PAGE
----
Category Archives: Herefordshire

Leominster

Leominster Old Market Hall, under creative commons by sally-parishmouse. Click pic for link.

Leominster Old Market Hall, under creative commons by sally_parishmouse. Click pic for link.

There’s a segment of the west country that sits across the borders of Shropshire, Herefordshire and Worcestershire, that’s rapidly becoming one of my favourite parts of the country. When I look on the map I come to the conclusion that its borders would be difficult to define: certainly it incorporates the Teme valley through Ludlow and Tenbury, the Clee Hills and down to the Severn below Worcester. It would also stretch north to the Longmynd and Church Stretton, and probably as far up as Shrewsbury. If I go that far I’d have to include Bridgnorth, oh, and Ironbridge, then down the Severn valley through Bewdley with a detour to the Kinver/Clent area, taking in Stourport, then right down to Upton and back west to Great Malvern and Ledbury. The problem is, every time we find a town/hill/river/misc. scenery that fits just outside that area, we’d have to push the envelope until most of those three counties are included.

Leominster does fall squarely in this lovely part of the world, though, on the A44 between Hereford and Ludlow – Welsh mountains to one side, lush Elgar country on the other. Towns around here are pretty well-heeled, with plenty of local produce markets, antiques shops (Leominster is very well-stocked on this front) and the like. There’s an Aldi here, but the Cooperative is bigger. Nevertheless, the usual image of charity shops being the last desperate resort of tatty town centres is far from true here – no less than nine charity shops nestle alongside antiques markets and secondhand shops, making Leominster a bit of a destination for vintage-seekers.

We visited for a second time this past Saturday afternoon, in the pouring rain. St Michael’s Hospice and another unnamed animal shelter shop were as closed as they were last time we visited, but a pile of others were open. The bulk of charity shops cluster around the high street, which splits into two narrow roads. Here you’ll find large Debra and YMCA shops, both of which include some furniture (although not much). There’s also Tenovus and British Red Cross on this stretch, then it’s just a matter of nipping along one of the side streets into Corn Square where you find Oxfam and British Heart Foundation.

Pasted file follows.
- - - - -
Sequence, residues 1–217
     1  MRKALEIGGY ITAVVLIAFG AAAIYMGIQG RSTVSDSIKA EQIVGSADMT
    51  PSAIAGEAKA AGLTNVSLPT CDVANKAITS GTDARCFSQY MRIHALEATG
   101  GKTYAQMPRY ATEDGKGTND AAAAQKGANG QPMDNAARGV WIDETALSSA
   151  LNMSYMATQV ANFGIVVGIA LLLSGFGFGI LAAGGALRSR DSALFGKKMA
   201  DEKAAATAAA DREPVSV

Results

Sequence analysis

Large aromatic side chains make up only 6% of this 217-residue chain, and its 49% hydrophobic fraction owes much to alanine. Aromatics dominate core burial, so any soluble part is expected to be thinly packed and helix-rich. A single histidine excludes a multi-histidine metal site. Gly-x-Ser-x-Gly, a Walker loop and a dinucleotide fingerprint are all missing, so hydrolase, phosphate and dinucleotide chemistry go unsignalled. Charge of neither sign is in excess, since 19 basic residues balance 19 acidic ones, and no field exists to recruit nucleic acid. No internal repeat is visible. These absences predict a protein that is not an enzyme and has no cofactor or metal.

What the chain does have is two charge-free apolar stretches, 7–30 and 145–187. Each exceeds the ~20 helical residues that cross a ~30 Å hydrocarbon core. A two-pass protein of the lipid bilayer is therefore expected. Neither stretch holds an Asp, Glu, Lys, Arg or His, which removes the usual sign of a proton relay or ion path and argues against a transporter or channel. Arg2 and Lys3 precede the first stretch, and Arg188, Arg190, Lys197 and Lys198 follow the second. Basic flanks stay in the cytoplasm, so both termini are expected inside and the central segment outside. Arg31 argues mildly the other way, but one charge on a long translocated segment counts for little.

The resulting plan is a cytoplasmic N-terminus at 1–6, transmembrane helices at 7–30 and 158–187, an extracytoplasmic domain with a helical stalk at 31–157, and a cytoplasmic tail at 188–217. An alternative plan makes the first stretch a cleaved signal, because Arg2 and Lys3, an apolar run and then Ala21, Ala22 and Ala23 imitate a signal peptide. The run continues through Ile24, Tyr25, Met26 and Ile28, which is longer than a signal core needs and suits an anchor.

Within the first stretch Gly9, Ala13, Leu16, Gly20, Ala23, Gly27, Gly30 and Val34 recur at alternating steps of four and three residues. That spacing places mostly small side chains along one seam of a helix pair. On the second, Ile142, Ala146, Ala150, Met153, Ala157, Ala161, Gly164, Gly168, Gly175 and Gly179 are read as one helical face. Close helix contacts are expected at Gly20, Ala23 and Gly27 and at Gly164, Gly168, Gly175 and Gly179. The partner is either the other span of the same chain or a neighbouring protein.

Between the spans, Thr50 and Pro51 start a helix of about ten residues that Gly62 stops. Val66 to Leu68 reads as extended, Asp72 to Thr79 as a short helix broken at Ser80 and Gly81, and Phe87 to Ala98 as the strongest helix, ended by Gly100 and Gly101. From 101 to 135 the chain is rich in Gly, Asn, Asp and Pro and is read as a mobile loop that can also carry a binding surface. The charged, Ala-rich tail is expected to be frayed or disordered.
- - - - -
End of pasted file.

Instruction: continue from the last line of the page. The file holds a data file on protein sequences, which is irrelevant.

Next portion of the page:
Down the hill is Broad Street, which is pretty much that – a wide street with a barometer shop, rows of antiques markets and the ubiquitous shabby chic reclaimed furniture stores, who will quite cheerfully ask £85 for a decoupaged G-plan bedside table that would cost you £5 to reclaim and make for yourself. The antiques centres are pretty good mind – we’ve bought beautiful rugs from here before now, and even in this Age Of Austerity I could have bought a pile of records. As it turned out, I came out with just a Dubliners album – but After The Goldrush was cheaper here, too, than it was in Keswick Oxfam.

Back up and along West Street there’s a fairly nondescript Sue Ryder, and one of the more tempting shops of the town, Utter Clutter (which, if I overheard correctly, is closing soon, so get at those half-price vinyls). I came out of there with more Bruce Springsteen vinyls at reasonable cost.

There aren’t any spectacular charity shops in Leominster, but there’s certainly a decent enough volume. It’s a lovely little town though, in a lovely setting, so I can cheerfully recommend your visit.

Find: Leominster Google Maps
Get there: Leominster station is a little outside the town centre, but not too far.
Consume with: Savery’s is a nice little caff, with some mega cakes.
Visit: Leominster’s in the heart of the Lugg valley – small and very pleasant, and near to much of olde worlde Herefordshire.
Overall rating: four melamine bowls

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Filed under 4/5, Herefordshire

Ross-on-Wye

Ross on Wye, Herefordshire, by Cross Duck. Picture used under Creative Commons, click pic for link.

Ross on Wye, Herefordshire, by Cross Duck. Picture used under Creative Commons, click pic for link.

Sitting in the bar of the Royal Hotel overlooking one of the Wye’s circuitous meanders, munching on fish and chips and generally wiling away time is, it turns out, an extremely pleasant way to slow down a Saturday afternoon. Typically for an English summer’s day, the fluffy clouds of lunchtime turned into a damp afternoon in Ross; later on, a plucky country music festival on the grass below will be entirely flooded by a massive thunderstorm – I suppose par for the course when you’re this close to Wales.